Immunotherapy: A Glimmer of Hope for Metastatic Prostate Cancer

Vishal Jindal


Chin Clin Oncol. 2018;7(6) 

In This Article

Future Directions

Vaccine Immunotherapy in Early Stages of Cancer

Vaccine immunotherapy is not a direct cancer cell lytic therapy, basically it enhances the immune system to fight against cancer cells and which is a slow process and has to go through multiple steps. And as cancer progresses it has suppressive effect on immune system, and with advanced stages of cancer reactivation of immune system will not be an easy task. Clinical data involving several tumor types have shown that vaccine immunotherapy works best in early stages of disease with limited tumor burden.[65,66] It has been shown that there is threefold increase in inflammatory cells in tumor microenvironment when they are treated with Sipuleucel-T prior to radical prostatectomy.[7]

Biomarkers. Failure of individual immune check point inhibitors raised the question whether expression of PD-1/PD-L1/CTLA-4 is biomarker for efficacy of immune checkpoint inhibitors. Immune biomarkers are required to increase the efficacy and to reduce the side effect profile. Further studies need to be conducted to look for more specific biomarkers.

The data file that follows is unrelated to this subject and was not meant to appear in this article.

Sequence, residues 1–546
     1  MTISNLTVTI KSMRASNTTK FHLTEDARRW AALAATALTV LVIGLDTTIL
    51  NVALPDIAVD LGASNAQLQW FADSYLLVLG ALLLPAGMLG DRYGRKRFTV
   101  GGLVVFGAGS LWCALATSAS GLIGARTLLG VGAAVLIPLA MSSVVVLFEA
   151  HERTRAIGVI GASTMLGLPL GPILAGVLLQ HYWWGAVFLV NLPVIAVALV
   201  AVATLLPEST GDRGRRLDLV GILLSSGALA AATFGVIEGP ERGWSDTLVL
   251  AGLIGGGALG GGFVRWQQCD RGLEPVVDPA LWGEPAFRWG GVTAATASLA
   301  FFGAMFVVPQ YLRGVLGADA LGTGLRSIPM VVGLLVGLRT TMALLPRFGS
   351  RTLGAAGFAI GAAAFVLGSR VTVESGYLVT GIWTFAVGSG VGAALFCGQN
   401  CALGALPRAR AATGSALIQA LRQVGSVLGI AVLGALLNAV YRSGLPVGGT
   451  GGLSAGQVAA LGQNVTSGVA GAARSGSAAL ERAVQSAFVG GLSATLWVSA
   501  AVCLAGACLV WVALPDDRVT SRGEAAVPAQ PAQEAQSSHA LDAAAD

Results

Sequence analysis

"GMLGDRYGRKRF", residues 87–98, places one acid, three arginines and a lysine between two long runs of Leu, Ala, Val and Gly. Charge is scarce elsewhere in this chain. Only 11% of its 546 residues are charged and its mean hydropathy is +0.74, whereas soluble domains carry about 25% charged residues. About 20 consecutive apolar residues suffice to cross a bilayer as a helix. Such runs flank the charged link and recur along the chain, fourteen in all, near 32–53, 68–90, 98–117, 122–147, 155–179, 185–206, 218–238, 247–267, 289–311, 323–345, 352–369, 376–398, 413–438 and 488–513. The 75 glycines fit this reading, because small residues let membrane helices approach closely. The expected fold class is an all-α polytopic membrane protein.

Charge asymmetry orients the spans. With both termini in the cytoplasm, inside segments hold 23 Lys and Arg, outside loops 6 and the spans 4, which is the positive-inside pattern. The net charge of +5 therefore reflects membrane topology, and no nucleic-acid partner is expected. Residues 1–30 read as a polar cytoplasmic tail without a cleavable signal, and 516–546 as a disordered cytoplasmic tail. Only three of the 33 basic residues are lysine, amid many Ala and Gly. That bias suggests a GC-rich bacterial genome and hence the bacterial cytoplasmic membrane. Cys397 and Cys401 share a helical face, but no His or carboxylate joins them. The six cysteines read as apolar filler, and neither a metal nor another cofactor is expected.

Prostate cancer antigens. Immunotherapy vaccines target the antigens which are present normally on prostate like PAP, PSA, prostate specific cell antigen. Prostate cancer undergoes significant somatic mutations and several mutated proteins can serve as a neoantigens.[67] If we can find and target these new mutated proteins, efficacy and specificity of vaccine will significantly improve.

Novel targets for immune checkpoint. Finding new immune checkpoints which creates tumor resistance will be the key to design new therapies for cancers. Recently it was discovered that ipilimumab therapy in prostate cancer had led to high level of T cell infiltration along with that there is increased expression of PD-L1 and VISTA (V domain Ig suppressor of T Cell activation), another immune checkpoint.[68] Therefore, addition of anti-VISTA therapy to previous immune check point inhibitors can open new frontiers in immunotherapy for prostate cancer. Some other potential targets for immunotherapy of solid tumors are under initial stages of study. Some of them are LAG-3, TIGIT, TIM-3, B7-H3, B7-H4, CD-27, OX40, IDO, CD39, CD73, STAT3, CD137, PSMA, FAP/IL-2.